Herzog also persisted in sending righthand-hitting Gene Tenace up to face lefty Bob McClure as a pinch hitter for Ken Oberkfell—even though in Game 4 Obie was 1 for 2 and in Game 5 he was 3 for 4. Tenace was the last out in both games, the Designated Last Out, as it were.

And Herzog seemed so intent on using St. Louis' speed in an attempt to embarrass Brewer Catcher Ted Simmons, an erstwhile Cardinal—Lonnie Smith was thrown out attempting to steal third in the fifth game and home in the sixth—that, as one baseball man put it, "He's managing like a general manager, trying to justify that trade."

Kuenn, meanwhile, handled his Rollie Fingers-less bullpen with uncommon mastery, inflicting McClure, a starter for most of the season, on the Cardinals at inopportune, for them, moments. In the eighth inning of the fourth game, for example, Kuenn brought McClure in to protect a 7-5 Milwaukee lead with one out and runners on first and third. The runner on first was the speedy David Green, a threat to steal. The batter was Willie McGee, a switch hitter. McClure's arrival did two things, both bad, to the St. Louis offense. Because he has an excellent move to first, McClure effectively froze Green on the bag, and as a lefthander, he forced McGee to bat right, his weaker side. It also takes McGee longer to get to first from the right side. McGee promptly ended the inning and the rally by grounding into a remarkable double play—remarkable in that Green and he are two of the swiftest Cardinals. The game ended 7-5. Score one for Kuenn.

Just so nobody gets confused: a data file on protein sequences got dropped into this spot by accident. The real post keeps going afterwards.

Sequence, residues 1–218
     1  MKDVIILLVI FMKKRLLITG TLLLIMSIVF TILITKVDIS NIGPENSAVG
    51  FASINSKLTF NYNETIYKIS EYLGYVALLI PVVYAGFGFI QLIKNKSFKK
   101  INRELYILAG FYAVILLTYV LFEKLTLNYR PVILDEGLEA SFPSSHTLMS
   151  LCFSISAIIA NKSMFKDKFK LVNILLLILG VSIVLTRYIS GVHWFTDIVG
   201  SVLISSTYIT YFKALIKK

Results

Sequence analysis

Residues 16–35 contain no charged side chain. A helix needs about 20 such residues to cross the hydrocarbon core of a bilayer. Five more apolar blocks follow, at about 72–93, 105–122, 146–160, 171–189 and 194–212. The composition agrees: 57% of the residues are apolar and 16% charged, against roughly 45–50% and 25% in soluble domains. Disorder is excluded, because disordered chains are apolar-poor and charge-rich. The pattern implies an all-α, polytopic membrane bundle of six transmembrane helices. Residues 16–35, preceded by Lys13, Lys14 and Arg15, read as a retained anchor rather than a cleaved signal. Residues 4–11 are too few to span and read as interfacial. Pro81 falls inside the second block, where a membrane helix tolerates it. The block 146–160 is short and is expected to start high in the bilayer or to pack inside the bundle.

The Brewers, in fact, seemed to have a pronounced edge returning to St. Louis for the final two games. In winning the fifth game, the last in Milwaukee, they put the odds squarely in their favor. In the previous 30 best-of-seven Series in which teams were tied at two apiece after four games, the winner of Game 5 went on to win the championship 23 times. Brewer fans celebrated that fifth-game win as if it were the seventh. From County Stadium to Wisconsin Avenue, Milwaukeeans toasted what they considered to be the inevitable triumph with a bibulous vigor not seen around those parts since 1957, when the National League Braves, who kept shop there from 1953 to '65, whipped the Yankees in seven.

Continue Story
1 2 3